During a BookCon panel on June 2, Jenny Han, author of the YA fan favorite To All the Boys I’ve Loved Before (S&S, 2014), adapted by Netflix in 2018, was interviewed by Eva Chen, director of fashion partnerships at Instagram and a recent children’s book author. The friends discussed their books, the films (both released and upcoming) based on Han’s novels, and their shared love of young adult literature.

When asked about her entry into writing, Han spoke of keeping a journal and writing fanfiction about herself and her friends as an adolescent, but said she had never met another young Asian American who was writing. It was her parents who believed in her talent and said she’d “make it.” Chen expressed surprise, explaining that, in the Asian-American culture, “careers in the arts are sometimes frowned upon.” Han explained that, while her parents are protective, they’ve also been supportive.

Han and Chen told the audience about the start of their friendship, when Han gave Chen publishing advice leading up to the release of her first picture book, Juno Valentine and the Magical Shoes (Feiwel and Friends, 2018), during the anxious period before the book’s release. Han recalls that she felt Chen “really wanted to be in the community.”

Chen said that, though she works full-time for Instagram, she’s “always been a book person,” saying, “People put so much effort into books. It’s an art.” Jokingly criticizing the categorization of YA, Chen said, “I don’t know why they call it young adult. I’m in my 30s and all I read is YA.”

Chen shared that, last year at BookCon, she met Leigh Bardugo and said that she started “shaking” and “one tear” rolled down her cheek. And, this year, when she met Sarah J. Maas during BookExpo, she was a complete “fangirl,” asking Maas for a Post-it note with her email address written on it. “I only geek over authors and Oprah,” Chen assured the crowd, then launched into two stories about meeting Oprah.

When asked who her “Oprah” was, Han exclaimed: “Oprah! Oprah raised me,” but also shared that Stephen King is someone she greatly admires. “Every writer should read his book On Writing,” she urged, explaining that he is exceptional at tapping into childhood, which is why “so many young readers read him before there was YA.”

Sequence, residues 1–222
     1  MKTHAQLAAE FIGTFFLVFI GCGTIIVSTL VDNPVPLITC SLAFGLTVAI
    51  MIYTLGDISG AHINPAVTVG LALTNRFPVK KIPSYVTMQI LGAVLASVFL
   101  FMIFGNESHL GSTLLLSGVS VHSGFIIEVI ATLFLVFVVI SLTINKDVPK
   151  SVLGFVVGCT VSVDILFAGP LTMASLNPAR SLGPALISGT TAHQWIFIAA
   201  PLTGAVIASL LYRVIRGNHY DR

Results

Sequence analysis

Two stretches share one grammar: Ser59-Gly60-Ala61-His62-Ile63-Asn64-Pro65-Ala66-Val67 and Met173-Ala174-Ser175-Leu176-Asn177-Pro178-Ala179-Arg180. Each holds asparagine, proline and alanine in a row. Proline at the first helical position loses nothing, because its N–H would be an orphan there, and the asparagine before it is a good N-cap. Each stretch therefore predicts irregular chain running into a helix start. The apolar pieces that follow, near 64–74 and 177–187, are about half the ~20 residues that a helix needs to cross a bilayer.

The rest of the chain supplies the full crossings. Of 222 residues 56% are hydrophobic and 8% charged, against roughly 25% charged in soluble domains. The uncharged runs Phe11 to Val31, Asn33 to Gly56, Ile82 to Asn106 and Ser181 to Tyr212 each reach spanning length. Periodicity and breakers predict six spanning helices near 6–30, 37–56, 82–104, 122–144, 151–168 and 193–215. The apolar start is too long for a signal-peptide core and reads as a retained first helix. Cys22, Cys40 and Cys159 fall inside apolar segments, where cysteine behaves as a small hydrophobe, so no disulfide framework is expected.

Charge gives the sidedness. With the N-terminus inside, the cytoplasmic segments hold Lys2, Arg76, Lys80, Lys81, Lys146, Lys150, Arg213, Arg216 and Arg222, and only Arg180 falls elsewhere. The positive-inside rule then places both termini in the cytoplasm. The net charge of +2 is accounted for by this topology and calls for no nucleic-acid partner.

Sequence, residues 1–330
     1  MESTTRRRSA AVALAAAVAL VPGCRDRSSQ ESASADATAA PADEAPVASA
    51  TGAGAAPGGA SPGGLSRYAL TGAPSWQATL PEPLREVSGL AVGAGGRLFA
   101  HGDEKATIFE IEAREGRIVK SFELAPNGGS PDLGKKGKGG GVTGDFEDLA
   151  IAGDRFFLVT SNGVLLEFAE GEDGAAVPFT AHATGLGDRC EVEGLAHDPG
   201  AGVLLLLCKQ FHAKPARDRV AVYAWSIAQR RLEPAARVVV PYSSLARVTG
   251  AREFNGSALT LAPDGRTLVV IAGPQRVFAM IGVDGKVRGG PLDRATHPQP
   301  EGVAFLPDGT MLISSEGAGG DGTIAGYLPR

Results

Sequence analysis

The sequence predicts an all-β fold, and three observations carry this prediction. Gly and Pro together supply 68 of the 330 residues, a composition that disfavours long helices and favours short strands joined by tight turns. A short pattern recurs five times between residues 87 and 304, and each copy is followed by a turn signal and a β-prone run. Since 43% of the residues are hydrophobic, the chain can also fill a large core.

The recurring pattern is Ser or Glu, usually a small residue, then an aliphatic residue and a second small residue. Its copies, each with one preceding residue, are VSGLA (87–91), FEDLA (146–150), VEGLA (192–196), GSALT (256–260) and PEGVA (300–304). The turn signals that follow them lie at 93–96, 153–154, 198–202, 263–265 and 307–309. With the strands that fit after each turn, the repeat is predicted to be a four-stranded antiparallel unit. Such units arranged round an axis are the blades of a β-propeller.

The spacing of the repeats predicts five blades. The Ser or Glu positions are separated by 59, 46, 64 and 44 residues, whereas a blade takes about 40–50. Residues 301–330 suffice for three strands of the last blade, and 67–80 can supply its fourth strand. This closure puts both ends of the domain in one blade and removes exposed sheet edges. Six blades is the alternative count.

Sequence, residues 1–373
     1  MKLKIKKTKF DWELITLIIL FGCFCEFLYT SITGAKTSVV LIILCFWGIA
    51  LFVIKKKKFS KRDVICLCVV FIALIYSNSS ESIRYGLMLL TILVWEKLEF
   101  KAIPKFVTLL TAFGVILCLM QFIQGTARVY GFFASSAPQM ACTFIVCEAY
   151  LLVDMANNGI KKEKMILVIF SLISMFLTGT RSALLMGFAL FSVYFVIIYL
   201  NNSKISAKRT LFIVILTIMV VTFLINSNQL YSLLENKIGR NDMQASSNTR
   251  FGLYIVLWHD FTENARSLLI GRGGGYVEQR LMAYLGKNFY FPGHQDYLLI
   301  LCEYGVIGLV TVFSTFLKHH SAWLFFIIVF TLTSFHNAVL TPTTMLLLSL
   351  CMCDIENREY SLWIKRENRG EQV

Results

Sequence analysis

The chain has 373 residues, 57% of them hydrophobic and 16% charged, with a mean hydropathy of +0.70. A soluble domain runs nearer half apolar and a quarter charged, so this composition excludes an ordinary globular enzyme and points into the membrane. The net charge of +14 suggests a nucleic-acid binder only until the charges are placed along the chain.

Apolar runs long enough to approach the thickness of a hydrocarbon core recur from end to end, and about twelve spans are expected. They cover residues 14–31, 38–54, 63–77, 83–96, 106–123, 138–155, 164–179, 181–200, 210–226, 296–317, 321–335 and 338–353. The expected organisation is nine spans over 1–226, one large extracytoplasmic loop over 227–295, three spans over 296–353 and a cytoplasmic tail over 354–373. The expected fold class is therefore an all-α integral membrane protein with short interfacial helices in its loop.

When asked about her novel Always and Forever, Lara Jean, an unplanned third novel following the characters from To All the Boys I’ve Loved Before, and determining when to close the chapter on the series, Han said, “I was done. But then I was having trouble finding comfort, and characters are like old friends. I needed that feeling again.”

Han and Chen then took questions from the audience. Speaking about the experience of seeing her characters on screen, Han admitted that it was “surreal. An option isn’t uncommon, but it’s rare for a movie to get made. Of all my books, this one felt the most possible [as an adaptation], but I didn’t fully believe it until full production.”

Both authors responded to a question about what they’ve discovered about themselves during the writing process. “You learn something different with every book,” Han said. She spoke of writing To All the Boys I’ve Loved Before when she felt unmoored as her sister was getting married. “No matter your age, your family will change. That’s scary, but there’s also joy. I hope readers feel some measure of comfort reading my books.” She also shared that the second book in her trilogy, P.S. I Still Love You, is dedicated to her nephew, a joyous part of familial change.

Answering a question about love triangles, Jenny expressed her love for them, while Chen agreed, saying she liked “love squares and rhombuses, too.” Han said, “It’s excruciating and delicious. As a storyteller, I love making things difficult.”

The panelists also spoke about the importance of representation and boys being exposed to strong girls and women in literature. “I want to see more and different stories,” Han said, “because I can only tell the stories I know.”

The panel ended with a video message from the cast of the upcoming Netflix adaptation of P.S. I Still Love You, featuring Lana Condor, Noah Centineo, and Jordan Fisher, for which the crowd enthusiastically cheered.